EVERGREY – Hymns For The Broken

EVERGREY – Hymns For The Broken

In my 3 recent reviews of Evergrey’s last 3 albums I made references to the album which started their oceanic trilogy, "Hymns For The Broken" (2014) hinting, at the time, my intent to review it as the only album from the trilogy without the review on our zine. Given that this is the album which gave the Swedish progressive metallers their 2nd life as a band it would be unseemly to not review it so I remedy it now.

I said that "Hymns For The Broken" was Evergrey reborn and, indeed, this was so. Having started as a progressive metal band owing much of their influence to the two creations of the late virtuoso guitarist Charles Michael "Chuck" Schuldiner, DEATH and CONTROL DENIED, Evergrey had been content to fill in both shoes with "The Dark Discovery" (1998), "Solitude, Dominance, Tragedy" (1999) and "In Search Of Truth" (2001) before they veered in the more NEVERMORE and SYMPHONY – X direction with "Recreation Day" (2003), but "Monday Morning Apocalypse" (2006) was where they begun to lose their traction somehow regained by "Torn" (2008) and "Glorious Collision" (2011), but then, reportedly, Henrik Danhage (guitars), Jonas Ekdahl (drums), and Jari Kainulainen (bass) left on friendly terms and it was all the vocalist and guitarist frontman Tom S. Englund could do to stop himself from killing Evergrey for good.

Evergrey was in a very similar situation, in those days, to my own, as I have undergone a major personal crisis resulting from the years of pent up and repressed depression and that right in the middle of my separation from my wife at the time, which would eventually end in divorce. In that regard, Evergrey really did write hymns for the broken who had to arise and go on even as it was the last thing on their mind. Just taking the favorite "Archaic Rage", I would "rise for nothing’s the same" yet I’d hide though "no one’s to blame", "rise from ashes and stone, ’cause who I am to you does not reflect the truth", especially that last sentiment ringing a loud personal bell. No separation and/or divorce can be neatly packaged in the "my fault", "your fault", "you left me", "I left you" suitcases and delivered to respective legal offices for a quick painless consideration as Tom himself would find out 4 years later. This track and the phenomenal closer, the progressive masterpiece "The Aftermath" where PINK FLOYD and IN FLAMES remarry latter Death together with the moody, bluessy but gritty metallic "Black Undertow" where Evergrey clearly are at their best, most creative and most effective but the album is not quite as wonderfully varied as its follow up, "The Storm Within" (2016), and that, despite a general consistent quality.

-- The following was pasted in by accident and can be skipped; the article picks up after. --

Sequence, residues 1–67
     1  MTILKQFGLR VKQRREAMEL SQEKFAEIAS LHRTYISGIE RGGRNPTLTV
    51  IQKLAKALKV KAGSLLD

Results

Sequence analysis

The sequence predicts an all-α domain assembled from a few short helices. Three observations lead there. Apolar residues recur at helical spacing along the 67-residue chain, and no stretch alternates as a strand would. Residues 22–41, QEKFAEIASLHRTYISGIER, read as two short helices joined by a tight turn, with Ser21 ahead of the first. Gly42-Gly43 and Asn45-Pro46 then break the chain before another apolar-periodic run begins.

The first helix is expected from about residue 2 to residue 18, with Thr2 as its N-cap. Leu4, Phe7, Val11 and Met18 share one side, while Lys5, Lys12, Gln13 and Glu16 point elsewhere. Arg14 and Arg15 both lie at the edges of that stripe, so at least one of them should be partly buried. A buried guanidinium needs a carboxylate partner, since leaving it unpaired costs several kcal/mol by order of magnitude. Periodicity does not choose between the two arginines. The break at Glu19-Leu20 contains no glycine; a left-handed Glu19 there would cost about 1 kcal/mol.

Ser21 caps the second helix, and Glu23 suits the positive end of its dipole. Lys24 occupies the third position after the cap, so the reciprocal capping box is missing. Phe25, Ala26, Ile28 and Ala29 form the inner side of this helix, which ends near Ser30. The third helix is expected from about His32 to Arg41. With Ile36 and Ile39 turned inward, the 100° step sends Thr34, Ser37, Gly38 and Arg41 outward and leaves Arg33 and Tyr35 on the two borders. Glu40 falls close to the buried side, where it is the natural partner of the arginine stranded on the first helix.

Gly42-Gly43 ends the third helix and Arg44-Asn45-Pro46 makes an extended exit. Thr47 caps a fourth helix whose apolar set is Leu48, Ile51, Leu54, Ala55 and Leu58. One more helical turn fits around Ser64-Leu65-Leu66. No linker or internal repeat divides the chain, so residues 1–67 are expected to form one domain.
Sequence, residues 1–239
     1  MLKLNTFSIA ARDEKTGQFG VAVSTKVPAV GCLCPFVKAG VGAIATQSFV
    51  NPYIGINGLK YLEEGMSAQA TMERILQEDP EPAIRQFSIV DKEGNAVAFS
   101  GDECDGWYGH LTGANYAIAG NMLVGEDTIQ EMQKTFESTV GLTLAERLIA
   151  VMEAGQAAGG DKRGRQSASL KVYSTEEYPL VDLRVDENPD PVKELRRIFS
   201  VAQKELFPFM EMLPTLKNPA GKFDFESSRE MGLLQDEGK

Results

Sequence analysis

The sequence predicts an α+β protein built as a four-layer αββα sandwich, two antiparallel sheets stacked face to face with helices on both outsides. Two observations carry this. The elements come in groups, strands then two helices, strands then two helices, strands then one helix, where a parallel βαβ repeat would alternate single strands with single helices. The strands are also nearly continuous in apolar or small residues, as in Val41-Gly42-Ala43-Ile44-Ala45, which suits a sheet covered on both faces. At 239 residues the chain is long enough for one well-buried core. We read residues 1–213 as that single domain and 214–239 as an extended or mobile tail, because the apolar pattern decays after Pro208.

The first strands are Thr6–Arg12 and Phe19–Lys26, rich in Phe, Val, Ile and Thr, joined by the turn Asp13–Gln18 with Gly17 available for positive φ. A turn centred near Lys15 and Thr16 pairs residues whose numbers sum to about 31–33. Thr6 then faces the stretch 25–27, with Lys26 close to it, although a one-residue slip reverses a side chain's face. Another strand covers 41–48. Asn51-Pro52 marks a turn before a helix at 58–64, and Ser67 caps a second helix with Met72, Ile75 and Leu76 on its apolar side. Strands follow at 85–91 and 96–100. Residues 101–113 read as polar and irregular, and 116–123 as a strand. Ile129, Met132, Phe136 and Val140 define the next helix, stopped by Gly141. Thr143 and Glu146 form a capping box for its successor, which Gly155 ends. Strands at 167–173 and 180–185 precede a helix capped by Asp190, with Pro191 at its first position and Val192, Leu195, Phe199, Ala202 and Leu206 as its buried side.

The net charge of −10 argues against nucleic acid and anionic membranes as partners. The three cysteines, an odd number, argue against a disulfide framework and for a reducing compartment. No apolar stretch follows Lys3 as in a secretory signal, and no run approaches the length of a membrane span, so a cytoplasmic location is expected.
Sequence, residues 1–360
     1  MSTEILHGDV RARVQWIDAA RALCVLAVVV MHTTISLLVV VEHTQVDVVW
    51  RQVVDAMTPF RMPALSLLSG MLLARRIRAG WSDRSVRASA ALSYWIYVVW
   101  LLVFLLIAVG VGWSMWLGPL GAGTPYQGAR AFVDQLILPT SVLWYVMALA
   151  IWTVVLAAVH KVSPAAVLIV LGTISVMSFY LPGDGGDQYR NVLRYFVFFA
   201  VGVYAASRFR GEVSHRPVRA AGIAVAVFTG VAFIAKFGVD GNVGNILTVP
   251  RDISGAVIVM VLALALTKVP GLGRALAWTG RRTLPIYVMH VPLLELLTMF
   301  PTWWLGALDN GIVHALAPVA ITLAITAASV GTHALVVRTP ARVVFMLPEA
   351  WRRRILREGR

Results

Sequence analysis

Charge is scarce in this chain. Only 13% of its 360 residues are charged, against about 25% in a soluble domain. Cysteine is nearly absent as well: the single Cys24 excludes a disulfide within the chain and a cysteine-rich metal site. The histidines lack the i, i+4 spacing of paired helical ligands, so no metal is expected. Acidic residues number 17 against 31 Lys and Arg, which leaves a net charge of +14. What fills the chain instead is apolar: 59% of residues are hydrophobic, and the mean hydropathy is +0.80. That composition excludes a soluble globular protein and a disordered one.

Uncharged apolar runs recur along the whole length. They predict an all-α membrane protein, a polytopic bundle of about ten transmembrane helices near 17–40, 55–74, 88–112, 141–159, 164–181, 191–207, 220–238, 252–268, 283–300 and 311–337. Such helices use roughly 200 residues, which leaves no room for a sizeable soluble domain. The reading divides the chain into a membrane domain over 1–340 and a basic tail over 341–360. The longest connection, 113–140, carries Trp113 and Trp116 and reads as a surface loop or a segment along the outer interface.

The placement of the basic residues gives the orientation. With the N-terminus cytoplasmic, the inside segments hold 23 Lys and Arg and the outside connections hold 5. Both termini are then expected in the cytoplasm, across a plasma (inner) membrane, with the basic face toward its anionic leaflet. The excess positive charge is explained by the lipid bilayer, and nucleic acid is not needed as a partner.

While there is no denying the chops of the "come tear me open, now that I’m broken" children choir chorus of "The Fire" which makes future "Distance" or "Passing Through" possible on the follow up, already the excellent first song proper "King Of Errors" suggests a kind of formulaic, hard verses/huge choruses anthems KILLSWITCH ENGAGE patented with "When Darkness Falls", "Breathe Life" or "The End Of Heartache" 10 years earlier and, indeed, that is precisely what we get with subsequent "A New Dawn", the aforementioned "Archaic Rage" and "Barricades" until, finally, the aforementioned "Black Undertow" offers a different view, whereby also the piano dirge "Missing You", not quite as gripping as "Impossible" from "Storm", and onto more progressive waters, all of which gives an impression as though "Hymns" was merely a dress rehearsal before its phenomenal follow up.

While "Hymns For The Broken" was a definite return to greatness as well as a personal soundtrack, it does pale with "The Storm Within" or the masterpiece "The Atlantic". Yet it is clearly that album Evergrey will reach for inspiration when creating the excellent "Escape Of The Phoenix" as if they were Benjamin Buttoning the past 7 years of the band’s existence. While far from perfect, "Hymns" does, then, deserve to both be mentioned with the pantheon of their triumphal 2nd breath as well as its place in the Eternal Terror review que which I am more than happy to hereby facilitate. As a summary of the Evergrey’s trilogy and the supposedly unrelated most recent work I offer Englund’s own words from "Passing Through", words which resonate deeply within: 10 years from now I’ll see with different eyes, better, wiser and not as blind.